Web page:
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The Wonders of Whale Watching in California

The Wonders of Whale Watching in California

A Los Angeles-based novelist embarks on a journey to get up close and personal with these marine mammals

Posted 5 years agoby Ivy Pochoda

Editor's Note: This article first appeared in the 2018 California Visitor's Guide.

Although I have lived in Los Angeles for eight years, I often forget that the ocean is less than 12 miles from my house. In fact, I often overlook so many of the things that make Los Angeles a tourist magnet—Hollywood Boulevard, Griffith Observatory, and, of course, the beach.

If I had once imagined spending my weekends learning to surf, jogging on the sand, or peddling a beach cruiser from Venice to Santa Monica, those days were long ago. After another summer without setting foot in or near the water, I considered how little I know about the coastline—not just the beaches but the ocean itself. And this, in part, is why I am standing at Dana Point Harbor at 7:30 a.m., preparing to go to sea. I do not want only to see the ocean from the shore; I want to experience it.

When I initially decided upon this adventure, I had low expectations for whale sightings. Dolphins, sure. Sea lions, definitely. Seeing a whale—or rather, whales—just off shore? Impossible. But then I clicked on Captain Dave’s website, where a link lists their most recent sightings. They were seeing whales, and not just any whales—blue whales.

Whale Watching California

Thinking about blue whales is, for me, like contemplating infinity—something the mind can grasp only fleetingly. An animal with a heart as big as a car, a length of perhaps four school buses, and proximity to the coast of Southern California? The image slips away. And yet on Captain Dave’s Dophin & Whale Watching Safari, they’d seen blue whales at least 15 times the previous week. They’d seen humpbacks and the relatively petite minkes, too; but it’s the blues that I have come for.

The boat is a large catamaran, with something like a netted trampoline up front where you can lie down and stare at the ocean just past arm’s reach. There’s also a seating area in the back and an underwater viewing pod in the left front hull, where you can get up close to dolphins or whatever else you might be lucky enough to encounter.

Our captain’s name is Tom. He has a sandpaper voice and the kind of salt-cured face that comes from years on the water. When I ask him, naively I realize, whether or not we are going to see whales, he brushes my question off with a noncommittal grunt that I read as a no. I don’t know whether he’s being realistic or simply hedging in case we don't.

We glide out of the harbor past upright paddle boarders, sea lions basking on buoys, and people who seem to me too far out on their rented kayaks. The water is calm, the catamaran a smooth ride, and the sun that kind of SoCal perfect that reminds me to get out more often.

We’ve been on the water for about 30 minutes when Captain Tom slows the boat. The water is churning around us. We have arrived in the middle of a pod of 400 dolphins—twice the size of the average pod, we are told. I am awed by this gathering, and by the crescent arc of the dolphins as they leap with the symmetry of synchronized swimmers. There are dolphins all around us—under the netting at the front of the boat, in our wake, dancing in front of the prow. There are even baby dolphins swimming in tandem with elders—not always a parent but often an uncle, aunt, or older sibling, we’re informed. When it comes to dolphins, it takes a village.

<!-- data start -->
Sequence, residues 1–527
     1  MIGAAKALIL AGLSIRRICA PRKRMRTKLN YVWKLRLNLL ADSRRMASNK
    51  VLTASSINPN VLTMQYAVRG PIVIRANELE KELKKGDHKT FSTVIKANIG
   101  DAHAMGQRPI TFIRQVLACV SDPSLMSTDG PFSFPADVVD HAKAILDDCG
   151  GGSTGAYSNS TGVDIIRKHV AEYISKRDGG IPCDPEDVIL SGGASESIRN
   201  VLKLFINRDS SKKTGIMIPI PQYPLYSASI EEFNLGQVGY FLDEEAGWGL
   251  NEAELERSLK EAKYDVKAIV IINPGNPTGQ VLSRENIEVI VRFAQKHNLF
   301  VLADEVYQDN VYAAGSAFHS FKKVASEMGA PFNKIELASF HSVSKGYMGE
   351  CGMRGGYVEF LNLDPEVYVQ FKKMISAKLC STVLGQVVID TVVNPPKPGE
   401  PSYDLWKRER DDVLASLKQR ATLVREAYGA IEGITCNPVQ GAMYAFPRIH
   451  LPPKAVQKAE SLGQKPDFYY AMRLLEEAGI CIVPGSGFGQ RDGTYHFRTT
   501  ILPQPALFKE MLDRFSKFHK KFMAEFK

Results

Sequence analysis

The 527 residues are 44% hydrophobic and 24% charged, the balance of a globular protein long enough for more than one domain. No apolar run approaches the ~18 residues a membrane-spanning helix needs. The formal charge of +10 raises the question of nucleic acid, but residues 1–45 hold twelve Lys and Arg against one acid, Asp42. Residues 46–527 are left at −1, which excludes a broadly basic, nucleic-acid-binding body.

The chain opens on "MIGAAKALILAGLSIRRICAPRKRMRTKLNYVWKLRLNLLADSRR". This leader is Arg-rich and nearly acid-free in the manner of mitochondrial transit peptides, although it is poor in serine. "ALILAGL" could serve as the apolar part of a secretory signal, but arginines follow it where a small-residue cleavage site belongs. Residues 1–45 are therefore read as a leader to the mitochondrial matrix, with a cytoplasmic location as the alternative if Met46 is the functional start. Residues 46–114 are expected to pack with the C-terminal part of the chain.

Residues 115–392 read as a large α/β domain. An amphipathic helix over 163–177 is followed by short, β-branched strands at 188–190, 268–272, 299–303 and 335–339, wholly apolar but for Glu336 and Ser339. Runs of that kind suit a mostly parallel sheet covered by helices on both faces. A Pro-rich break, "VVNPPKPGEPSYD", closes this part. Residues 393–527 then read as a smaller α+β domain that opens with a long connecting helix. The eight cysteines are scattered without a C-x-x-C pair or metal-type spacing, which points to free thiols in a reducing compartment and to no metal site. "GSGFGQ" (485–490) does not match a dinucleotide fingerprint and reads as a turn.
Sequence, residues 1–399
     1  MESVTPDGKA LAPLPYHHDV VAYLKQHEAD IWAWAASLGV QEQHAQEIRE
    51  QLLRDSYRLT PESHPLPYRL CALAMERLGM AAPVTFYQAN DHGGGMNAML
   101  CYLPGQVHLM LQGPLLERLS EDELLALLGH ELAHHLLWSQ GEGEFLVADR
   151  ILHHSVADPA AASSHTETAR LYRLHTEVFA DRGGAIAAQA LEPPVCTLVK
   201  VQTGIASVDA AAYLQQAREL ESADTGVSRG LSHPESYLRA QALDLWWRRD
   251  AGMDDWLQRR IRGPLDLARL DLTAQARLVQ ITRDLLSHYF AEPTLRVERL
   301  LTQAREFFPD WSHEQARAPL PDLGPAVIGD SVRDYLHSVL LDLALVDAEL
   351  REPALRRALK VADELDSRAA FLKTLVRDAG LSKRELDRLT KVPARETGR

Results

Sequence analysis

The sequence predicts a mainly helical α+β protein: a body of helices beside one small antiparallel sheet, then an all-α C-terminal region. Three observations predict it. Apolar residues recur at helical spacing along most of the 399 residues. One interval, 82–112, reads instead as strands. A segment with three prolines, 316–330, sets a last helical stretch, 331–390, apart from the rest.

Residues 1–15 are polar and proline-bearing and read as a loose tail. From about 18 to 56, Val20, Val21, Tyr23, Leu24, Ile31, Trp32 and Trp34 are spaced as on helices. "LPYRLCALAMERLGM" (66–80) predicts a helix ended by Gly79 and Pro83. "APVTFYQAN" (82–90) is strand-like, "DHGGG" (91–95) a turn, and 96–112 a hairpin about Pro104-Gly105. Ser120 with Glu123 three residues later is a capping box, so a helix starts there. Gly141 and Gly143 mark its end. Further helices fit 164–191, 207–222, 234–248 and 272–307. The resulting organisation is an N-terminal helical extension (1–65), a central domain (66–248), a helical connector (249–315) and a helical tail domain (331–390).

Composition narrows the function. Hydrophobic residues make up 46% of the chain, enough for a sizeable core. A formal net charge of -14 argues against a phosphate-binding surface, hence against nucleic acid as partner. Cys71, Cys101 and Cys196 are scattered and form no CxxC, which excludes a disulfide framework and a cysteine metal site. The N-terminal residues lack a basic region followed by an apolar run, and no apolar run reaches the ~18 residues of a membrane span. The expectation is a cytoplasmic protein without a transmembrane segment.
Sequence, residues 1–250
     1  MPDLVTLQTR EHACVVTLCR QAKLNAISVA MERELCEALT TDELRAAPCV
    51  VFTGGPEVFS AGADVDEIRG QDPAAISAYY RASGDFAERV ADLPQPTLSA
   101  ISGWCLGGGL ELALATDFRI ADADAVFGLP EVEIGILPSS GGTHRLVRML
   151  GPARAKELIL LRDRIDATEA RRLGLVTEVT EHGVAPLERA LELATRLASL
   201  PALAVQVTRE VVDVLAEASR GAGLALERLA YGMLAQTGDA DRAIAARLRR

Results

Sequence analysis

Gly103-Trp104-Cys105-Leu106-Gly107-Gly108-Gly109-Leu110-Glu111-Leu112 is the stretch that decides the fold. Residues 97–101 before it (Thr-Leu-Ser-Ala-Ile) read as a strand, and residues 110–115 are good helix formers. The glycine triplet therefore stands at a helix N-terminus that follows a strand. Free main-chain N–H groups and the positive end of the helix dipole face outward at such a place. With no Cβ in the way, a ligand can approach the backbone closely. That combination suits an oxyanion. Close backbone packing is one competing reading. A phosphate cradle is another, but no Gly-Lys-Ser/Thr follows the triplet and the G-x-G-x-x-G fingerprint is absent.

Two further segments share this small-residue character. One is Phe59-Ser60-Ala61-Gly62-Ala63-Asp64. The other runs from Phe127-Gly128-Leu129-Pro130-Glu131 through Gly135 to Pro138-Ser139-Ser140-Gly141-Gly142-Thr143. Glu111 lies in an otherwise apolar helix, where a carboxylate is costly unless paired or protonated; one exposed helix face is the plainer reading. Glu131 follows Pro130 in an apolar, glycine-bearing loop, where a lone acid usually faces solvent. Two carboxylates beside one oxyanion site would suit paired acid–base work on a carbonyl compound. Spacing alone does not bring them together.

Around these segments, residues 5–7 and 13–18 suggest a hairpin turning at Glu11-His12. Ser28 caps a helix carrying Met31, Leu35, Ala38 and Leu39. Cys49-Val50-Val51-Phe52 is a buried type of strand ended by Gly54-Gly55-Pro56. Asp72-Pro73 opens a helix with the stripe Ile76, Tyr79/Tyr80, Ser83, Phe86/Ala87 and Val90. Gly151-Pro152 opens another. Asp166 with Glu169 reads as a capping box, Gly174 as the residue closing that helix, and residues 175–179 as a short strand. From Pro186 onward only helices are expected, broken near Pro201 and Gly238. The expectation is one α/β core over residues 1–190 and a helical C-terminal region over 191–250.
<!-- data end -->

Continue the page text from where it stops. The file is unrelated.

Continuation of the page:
We follow the dolphins for 45 minutes, due to the size of the pod—and because where there are dolphins, there are often humpbacks.....

CLICK HERE to read the rest of the story and/or order a FREE copy of the 2018 California Visitor's Guide, featuring more photos from Ivy's whale watching adventure. 

Whale-Watching Tours

Check out these up-close tours along California’s coast

Mendocino CountyAll Aboard Adventures in Fort Bragg promises a 95 percent chance of seeing whales from its 45-foot charter boats (tours December to April).

San Francisco—Tours by SF Bay Whale Watching take you to the whale action in the Greater Farallones National Marine Sanctuary from December to March.

Santa Cruz—Moss Landing is a magnet for humpbacks from April to October. Get up close with a kayaking tour by Venture Quest.

Santa BarbaraThe Condor Express explores the Santa Barbara Channel year-round, with a focus on different kinds of whales depending on season.

VenturaIsland Packers takes visitors to Channel Islands National Park, but they also do just-whale-watching tours to spot gray, humpback, and blue whales.

Long Beach—Board a catamaran with Harbor Breeze Yacht Charters and Cruises. Tours run year-round, so even if it’s not prime whale season, you’ll at least see dolphins.

Orange County—Whales seem to be drawn toward the tall cliffs of Dana Point. Get a unique view with Dana Wharf Sportfishing & Whale Watching

San Diego—Winter tours stay closer to San Diego Bay, while summer tours by H&M Landing head toward the Coronado Islands to see whales, elephant seals, and orcas in a nature conservancy.

Traveler Photos

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